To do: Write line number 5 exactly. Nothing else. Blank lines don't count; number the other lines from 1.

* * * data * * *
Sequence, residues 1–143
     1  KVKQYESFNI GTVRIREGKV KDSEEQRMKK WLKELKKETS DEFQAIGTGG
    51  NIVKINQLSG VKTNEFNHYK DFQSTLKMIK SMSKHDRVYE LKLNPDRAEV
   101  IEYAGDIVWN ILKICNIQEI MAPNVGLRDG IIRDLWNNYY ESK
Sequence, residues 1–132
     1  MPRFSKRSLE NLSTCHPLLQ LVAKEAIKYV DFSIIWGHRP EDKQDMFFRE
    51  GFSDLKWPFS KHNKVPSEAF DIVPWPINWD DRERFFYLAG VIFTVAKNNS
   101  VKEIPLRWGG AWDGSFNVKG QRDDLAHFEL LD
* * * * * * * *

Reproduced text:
Sequence, residues 1–132